A better understanding of the present invention will be had upon reference to the following detailed description when read in conjunction with the accompanying drawing, wherein like reference characters refer to like parts throughout the several views, and in which:
 FIG. 1 is an elevational view illustrating a preferred embodiment of the present invention;
 FIG. 2 is a sectional view illustrating a portion of the preferred embodiment of the invention;
 FIG. 3 is an exploded view illustrating a preferred embodiment of the present invention; and
 FIG. 4 is a fragmentary sectional view.
DETAILED DESCRIPTION OF A PREFERRED EMBODIMENT OF THE PRESENT INVENTION
 With reference first to FIG. 2, a preferred embodiment of a fuel injector assembly 10 in accordance with the present invention is shown for use with a direct fuel injection engine 12. The direct injection engine 12 includes a plurality of internal combustion chambers 14 that are conventionally aligned with each other in a bank, although the engine 12 may include more than one bank of combustion chambers 14. Furthermore, a fuel injector bore 16 is provided through an engine block 18, which may be an engine header, so that one end of each fuel injector bore 16 is open to one of the combustion chambers 14.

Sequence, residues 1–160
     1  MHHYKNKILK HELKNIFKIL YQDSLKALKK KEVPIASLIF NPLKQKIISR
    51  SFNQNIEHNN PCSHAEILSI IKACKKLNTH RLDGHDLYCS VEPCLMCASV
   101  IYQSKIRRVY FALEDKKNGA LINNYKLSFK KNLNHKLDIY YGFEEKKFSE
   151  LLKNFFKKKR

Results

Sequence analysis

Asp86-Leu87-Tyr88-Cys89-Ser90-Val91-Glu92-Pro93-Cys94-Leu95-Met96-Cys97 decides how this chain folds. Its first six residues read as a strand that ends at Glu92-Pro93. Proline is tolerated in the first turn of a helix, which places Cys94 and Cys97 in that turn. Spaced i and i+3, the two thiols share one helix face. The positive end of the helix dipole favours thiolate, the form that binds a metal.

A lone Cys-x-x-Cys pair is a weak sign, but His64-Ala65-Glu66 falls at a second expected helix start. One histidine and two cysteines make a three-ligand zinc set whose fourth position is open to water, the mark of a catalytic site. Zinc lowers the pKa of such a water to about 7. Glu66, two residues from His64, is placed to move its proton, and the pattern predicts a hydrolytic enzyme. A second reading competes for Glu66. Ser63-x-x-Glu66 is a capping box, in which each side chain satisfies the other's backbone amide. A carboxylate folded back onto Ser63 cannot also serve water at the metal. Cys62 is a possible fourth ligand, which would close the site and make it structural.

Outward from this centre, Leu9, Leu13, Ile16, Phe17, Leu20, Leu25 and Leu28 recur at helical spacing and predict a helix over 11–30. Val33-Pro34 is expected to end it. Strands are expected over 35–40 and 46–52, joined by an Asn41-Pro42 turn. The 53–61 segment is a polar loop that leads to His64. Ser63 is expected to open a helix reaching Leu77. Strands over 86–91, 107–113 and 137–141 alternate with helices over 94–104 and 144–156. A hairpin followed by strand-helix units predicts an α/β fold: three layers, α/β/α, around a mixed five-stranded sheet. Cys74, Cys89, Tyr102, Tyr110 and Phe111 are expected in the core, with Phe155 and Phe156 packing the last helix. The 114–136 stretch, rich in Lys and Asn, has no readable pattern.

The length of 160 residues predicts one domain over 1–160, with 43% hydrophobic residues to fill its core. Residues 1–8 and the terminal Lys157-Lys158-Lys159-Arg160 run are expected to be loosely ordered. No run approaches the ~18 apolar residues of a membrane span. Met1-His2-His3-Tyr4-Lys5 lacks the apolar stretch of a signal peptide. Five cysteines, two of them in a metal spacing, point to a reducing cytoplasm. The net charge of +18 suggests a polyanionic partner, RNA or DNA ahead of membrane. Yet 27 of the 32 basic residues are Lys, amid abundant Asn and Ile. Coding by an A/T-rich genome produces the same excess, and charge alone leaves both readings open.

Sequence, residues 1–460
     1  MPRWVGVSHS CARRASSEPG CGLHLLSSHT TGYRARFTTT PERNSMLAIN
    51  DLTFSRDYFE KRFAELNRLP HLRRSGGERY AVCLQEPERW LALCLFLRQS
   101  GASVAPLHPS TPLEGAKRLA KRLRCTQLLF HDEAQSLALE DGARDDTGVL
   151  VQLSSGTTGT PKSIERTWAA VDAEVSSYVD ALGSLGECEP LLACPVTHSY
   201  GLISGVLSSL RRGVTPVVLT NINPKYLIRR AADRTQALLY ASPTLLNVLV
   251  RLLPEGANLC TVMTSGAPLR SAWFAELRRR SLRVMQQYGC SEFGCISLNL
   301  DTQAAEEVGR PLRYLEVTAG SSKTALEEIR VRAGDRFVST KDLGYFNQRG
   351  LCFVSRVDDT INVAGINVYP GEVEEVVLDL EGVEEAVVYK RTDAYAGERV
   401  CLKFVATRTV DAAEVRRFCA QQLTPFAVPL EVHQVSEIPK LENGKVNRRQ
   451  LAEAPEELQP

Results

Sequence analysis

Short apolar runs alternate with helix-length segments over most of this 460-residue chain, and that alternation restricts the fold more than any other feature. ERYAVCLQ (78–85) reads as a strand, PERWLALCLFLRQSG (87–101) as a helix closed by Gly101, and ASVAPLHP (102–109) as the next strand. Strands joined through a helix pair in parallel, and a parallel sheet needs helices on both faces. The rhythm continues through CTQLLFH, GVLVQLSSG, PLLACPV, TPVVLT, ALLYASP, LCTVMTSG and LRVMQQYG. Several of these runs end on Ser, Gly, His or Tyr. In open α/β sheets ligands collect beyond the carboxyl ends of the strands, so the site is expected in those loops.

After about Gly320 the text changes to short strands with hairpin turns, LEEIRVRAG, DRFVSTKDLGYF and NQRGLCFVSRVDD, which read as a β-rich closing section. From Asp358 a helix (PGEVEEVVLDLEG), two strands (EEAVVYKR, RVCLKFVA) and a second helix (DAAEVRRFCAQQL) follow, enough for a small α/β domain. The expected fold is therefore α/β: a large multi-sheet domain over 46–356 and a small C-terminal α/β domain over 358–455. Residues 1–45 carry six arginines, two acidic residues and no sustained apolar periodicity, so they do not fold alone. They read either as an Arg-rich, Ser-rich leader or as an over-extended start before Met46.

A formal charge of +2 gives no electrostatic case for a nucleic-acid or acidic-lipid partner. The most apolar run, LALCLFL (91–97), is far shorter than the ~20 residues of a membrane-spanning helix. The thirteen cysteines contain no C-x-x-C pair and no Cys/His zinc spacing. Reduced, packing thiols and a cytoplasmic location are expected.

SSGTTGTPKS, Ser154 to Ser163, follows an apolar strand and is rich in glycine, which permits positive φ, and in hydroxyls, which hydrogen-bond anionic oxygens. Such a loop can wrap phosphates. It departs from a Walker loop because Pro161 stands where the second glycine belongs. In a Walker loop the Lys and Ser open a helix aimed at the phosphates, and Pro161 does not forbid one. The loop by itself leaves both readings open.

With reference to FIGS. 1 and 2, a fuel injector 20 is associated with each combustion chamber 14. The fuel injector 20 is generally elongated and includes an outlet end 22. The outlet end 22 of the fuel injector 20 is typically cylindrical in shape and dimensioned so that it is slidably received within one of the fuel injector bores 16 so that the outlet end 22 of the injector 20 is positioned at or near the combustion chamber 14.
 An elongated fuel rail 26 defines an interior fuel chamber 28. In the conventional fashion, the fuel chamber 28 of the fuel rail 26 is adapted to be pressurized by a high pressure fuel pump 29.